The 3 Rules of Warmth

jMost northerners know what it takes to stay warm on those cold winter nights, and I’m not talking about that magical liquid in the flask. Im talking about the gear you’ll need to hang out in the cold and not even notice that it’s -30 degrees. I’m a Texan that went to live in Colorado for a year to be a ski bum and I only wish a wise man had told me the 3 rules of warmth before I was months into freezing my butt off. A lot of people have their own recipes for staying warm. Momma always said, “wear some layers,” and I’m not going to contradict Momma (I was raised better than that), but that advice is a little vague when you find yourself leaving the house in a blizzard.  Continue reading The 3 Rules of Warmth

Resolve to Get Outside and Play in 2015

There is pleasure in the pathless woods, there is rapture in the lonely shore, there is society where none intrudes, by the 40f7re2deep sea, and music in its roar; I love not man the less, but nature more. – Lord Byron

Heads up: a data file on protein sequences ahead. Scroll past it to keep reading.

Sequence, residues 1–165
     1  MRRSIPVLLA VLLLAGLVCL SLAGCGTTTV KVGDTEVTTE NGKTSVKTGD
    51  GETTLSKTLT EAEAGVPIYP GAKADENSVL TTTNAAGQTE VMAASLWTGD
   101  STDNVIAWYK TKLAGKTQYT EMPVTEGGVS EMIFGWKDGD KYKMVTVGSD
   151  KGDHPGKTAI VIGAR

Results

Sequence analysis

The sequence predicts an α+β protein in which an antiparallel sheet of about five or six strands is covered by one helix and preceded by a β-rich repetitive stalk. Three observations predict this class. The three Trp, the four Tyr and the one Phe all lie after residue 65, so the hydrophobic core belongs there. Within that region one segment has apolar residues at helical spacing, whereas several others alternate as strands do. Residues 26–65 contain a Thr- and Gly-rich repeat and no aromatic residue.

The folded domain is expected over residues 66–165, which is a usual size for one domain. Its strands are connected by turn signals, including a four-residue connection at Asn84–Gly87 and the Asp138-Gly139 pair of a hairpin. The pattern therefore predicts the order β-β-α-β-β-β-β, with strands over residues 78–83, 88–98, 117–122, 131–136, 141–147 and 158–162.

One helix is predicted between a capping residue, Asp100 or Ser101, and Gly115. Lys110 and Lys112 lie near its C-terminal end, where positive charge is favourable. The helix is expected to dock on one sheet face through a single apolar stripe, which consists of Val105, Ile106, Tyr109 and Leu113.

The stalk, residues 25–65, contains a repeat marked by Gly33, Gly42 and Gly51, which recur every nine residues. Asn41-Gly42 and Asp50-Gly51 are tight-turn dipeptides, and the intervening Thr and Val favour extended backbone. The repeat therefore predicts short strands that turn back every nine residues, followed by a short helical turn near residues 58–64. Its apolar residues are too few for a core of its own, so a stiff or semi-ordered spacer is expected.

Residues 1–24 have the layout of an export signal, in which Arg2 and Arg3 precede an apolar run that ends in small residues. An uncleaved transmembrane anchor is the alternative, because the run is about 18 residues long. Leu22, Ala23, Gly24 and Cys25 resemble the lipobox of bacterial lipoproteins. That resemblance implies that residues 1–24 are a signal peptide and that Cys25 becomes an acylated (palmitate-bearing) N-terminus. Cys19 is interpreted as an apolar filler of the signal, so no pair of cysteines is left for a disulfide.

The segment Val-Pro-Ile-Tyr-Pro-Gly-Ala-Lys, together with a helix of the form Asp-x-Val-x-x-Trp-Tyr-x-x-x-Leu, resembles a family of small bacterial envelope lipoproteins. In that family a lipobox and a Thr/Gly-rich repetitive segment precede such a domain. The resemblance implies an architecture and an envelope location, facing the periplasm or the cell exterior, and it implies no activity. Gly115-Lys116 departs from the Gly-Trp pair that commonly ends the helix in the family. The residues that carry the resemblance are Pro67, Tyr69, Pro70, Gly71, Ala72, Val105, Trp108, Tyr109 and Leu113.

The beginning of a new year brings about new ideas, promises, and resolutions for everyone. We look online and research how we can better our lives, our relationships, our mediocre cooking skills, and ultimately ourselves. The answers and the solutions are as complicated or as simple as we make them. This year, resolve to keep things simple, get outdoors more, and trust that by doing so a lot of the complicated questions will be answered. Continue reading Resolve to Get Outside and Play in 2015

Hiking and Your Feet

Written by Dr. Jeffery W. LaMour at Family Foot & Ankle Clinichiking

Hiking is one of the easiest ways to engage in regular physical activity. Unlike many other athletic pursuits, hiking requires minimal equipment and can be done in almost any type of weather. Plus, there’s the added benefit of exploring the great outdoors while clearing your mind from everyday life. Since hiking typically involves walking on uneven terrain, it can help to develop and strengthen the lower body, but can also expose it to injury. We contacted the experts at Austin Canoe & Kayak (ACK) to give us some tips on how to keep feet and ankles injury-free while hiking. Continue reading Hiking and Your Feet